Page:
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Intracytoplasmic Sperm Injection (ICSI)


Many of the risks related to ICSI are the same as for IVF, which is known to increase the risks of ovarian hyperstimulation syndrome (OHSS), a condition that sometimes occurs as a result of taking fertility drugs, and multiple pregnancy, which occurs in 30 percent of IVF-related procedures. While you may be happy to have more than one baby, the risk of miscarriage and other complications are significantly increased in such cases.

Other disadvantages include an increased risk of ectopic pregnancy, in which case an embryo drifts up to your fallopian tubes or abdominal cavity and implants there instead of in your uterus. Additionally, in cases of severe male infertility problems, the genetic cause of your partner's infertility may be passed on to the child. However, because most ICSI babies worldwide have not yet reached an age to reproduce, more research needs to

be done before any formal conclusions can be made about these risks. There have been recent concerns that ICSI may carry an increased rate of birth defects. While previous studies did not find any differences between ICSI and non-ICSI babies, a recent, larger study published in Reproductive Biomedicine Online found that, overall, major problems that impact quality of life and need medical attention affected 8.6 percent of ICSI babies, versus 6.9 percent of babies conceived naturally. The most common problems were heart and internal urinary/genital defects, both of which increased by 1 percent more than normal in ICSI babies.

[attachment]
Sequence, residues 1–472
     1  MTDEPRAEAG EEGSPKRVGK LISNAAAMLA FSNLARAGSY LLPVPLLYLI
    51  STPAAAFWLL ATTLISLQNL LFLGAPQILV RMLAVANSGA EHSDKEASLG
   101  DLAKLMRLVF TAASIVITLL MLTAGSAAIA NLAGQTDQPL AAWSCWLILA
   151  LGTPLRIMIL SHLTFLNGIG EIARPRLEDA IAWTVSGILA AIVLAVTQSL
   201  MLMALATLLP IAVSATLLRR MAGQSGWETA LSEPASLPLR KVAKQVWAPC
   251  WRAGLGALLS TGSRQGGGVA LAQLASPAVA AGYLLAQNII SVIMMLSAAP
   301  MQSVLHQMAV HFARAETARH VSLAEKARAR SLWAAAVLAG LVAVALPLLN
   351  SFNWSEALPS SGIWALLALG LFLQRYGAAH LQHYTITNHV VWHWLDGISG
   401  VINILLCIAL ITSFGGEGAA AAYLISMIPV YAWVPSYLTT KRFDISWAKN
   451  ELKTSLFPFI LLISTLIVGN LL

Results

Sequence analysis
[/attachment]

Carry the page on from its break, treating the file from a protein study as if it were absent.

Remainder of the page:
Success Rates

According to the American Society for Reproductive Medicine, fertilization occurs in 50 to 80 percent of injected eggs. Approximately 30 percent of all ICSI cycles performed in the United States in 1998 resulted in a live birth, which is comparable to rates seen with IVF. In addition, younger couples may achieve even more favorable results. Factors such as poor egg quality and advanced maternal age may result in lower rates of success.


In the United States, one cycle of ICSI can cost anywhere from $10,000 to $15,000. The price varies depending on where you live, your medications, and the number of cycles you undergo. Many insurance companies do not cover the cost of fertility procedures, but financing plans may be available through your doctor.

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